Written by Kelly A. Hogan, University of North Carolina at Chapel Hill
– To practice using terms related to enzyme-catalyzed reactions
– To address a misconception that enzymes are depleted after a reaction
Activity Description: Students are given a list of words and instructions to design their own enzyme-mediated reaction. Students work in small groups to design and then demonstrate their idea to the class (students can use simple props). The whole class can decide if the demonstration is designed well to illustrate understanding. The activity can work in a small class or a large class in which only a few groups get to demonstrate. You may also choose to simply demonstrate your own example asking students to come up with ideas as you prompt them.
Time Needed: Activity may take 40 minutes (if students do group work outside of class) and may take much longer if group time is given during class
Materials Needed: Variable depending on students
Tell students that they will design an enzyme-catalyzed reaction (could be dehydration synthesis, hydrolysis, functional group transfer, etc.) that shows their understanding of the words/ideas below. The materials students have available can be props available in a classroom, such as classmates, paper, pens, etc. You may suggest that students work outside of the class and plan ahead to bring simple props with them. Groups will demonstrate their ideas to the class. You may want to have a panel of student judges (American Idol style).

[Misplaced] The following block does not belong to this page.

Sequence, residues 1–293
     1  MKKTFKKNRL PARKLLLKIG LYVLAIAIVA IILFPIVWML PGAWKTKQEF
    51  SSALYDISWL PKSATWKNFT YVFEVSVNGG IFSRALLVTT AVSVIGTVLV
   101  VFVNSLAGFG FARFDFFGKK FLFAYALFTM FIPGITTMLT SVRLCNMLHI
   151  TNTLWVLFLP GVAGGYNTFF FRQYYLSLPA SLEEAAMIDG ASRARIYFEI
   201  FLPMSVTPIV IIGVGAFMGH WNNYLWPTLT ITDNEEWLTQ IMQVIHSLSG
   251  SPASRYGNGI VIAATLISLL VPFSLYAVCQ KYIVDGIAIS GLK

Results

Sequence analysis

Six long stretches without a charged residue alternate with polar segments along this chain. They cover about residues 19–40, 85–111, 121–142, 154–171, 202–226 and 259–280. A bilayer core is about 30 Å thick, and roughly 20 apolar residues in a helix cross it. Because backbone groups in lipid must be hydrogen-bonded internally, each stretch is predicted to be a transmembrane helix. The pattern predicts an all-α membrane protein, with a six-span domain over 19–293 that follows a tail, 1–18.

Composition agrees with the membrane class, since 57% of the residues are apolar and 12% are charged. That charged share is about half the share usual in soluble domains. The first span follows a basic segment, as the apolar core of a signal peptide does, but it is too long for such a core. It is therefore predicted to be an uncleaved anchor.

Ideas that students can demonstrate:
A. active site
D. enzymes are used over and over.
E. enzymes can be inhibited at their active site or their allosteric site.
F. enzyme activity is affected by environmental conditions.
Example: I place a bowl of wrapped candies on my table. I tell them that I am unwrappase. The substrate is wrapped candy and the product is unwrapped candy. My hands are the active site. A single me can unwrap many candies (enzymes are used over and over and are unchanged). The rate of me producing unwrapped candies would slow down if pistachio nuts were mixed into my bowl because the pistachio nuts would temporarily bind to my active site. Pistachios would be competitive inhibitors. If a scarf was tied around my elbows to connect them behind my back, the active site would be altered because my hands would open up and I would have trouble holding the candy. The scarf would be an allosteric inhibitor. Ideally, I work best at room temperature. If the heat was turned way up or way down my activity might be slowed by these environmental conditions, and I might be cranky and produce less product.